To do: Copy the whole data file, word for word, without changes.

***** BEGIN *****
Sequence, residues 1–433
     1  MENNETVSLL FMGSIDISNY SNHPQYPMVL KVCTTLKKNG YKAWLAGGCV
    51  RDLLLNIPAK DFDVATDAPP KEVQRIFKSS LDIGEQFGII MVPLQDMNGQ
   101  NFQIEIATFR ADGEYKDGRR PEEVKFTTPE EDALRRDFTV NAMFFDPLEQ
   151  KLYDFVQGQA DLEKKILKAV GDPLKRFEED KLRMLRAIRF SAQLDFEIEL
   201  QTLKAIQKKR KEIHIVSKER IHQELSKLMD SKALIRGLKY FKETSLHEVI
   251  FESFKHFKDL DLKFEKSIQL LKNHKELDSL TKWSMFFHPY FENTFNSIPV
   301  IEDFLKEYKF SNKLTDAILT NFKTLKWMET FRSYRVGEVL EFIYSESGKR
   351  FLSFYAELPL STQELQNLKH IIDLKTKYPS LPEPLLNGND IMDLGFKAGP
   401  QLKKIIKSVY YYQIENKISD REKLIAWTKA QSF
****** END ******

Sequence, residues 1–433
     1  MENNETVSLL FMGSIDISNY SNHPQYPMVL KVCTTLKKNG YKAWLAGGCV
    51  RDLLLNIPAK DFDVATDAPP KEVQRIFKSS LDIGEQFGII MVPLQDMNGQ
   101  NFQIEIATFR ADGEYKDGRR PEEVKFTTPE EDALRRDFTV NAMFFDPLEQ
   151  KLYDFVQGQA DLEKKILKAV GDPLKRFEED KLRMLRAIRF SAQLDFEIEL
   201  QTLKAIQKKR KEIHIVSKER IHQELSKLMD SKALIRGLKY FKETSLHEVI
   251  FESFKHFKDL DLKFEKSIQL LKNHKELDSL TKWSMFFHPY FENTFNSIPV
   301  IEDFLKEYKF SNKLTDAILT NFKTLKWMET FRSYRVGEVL EFIYSESGKR
   351  FLSFYAELPL STQELQNLKH IIDLKTKYPS LPEPLLNGND IMDLGFKAGP
   401  QLKKIIKSVY YYQIENKISD REKLIAWTKA QSF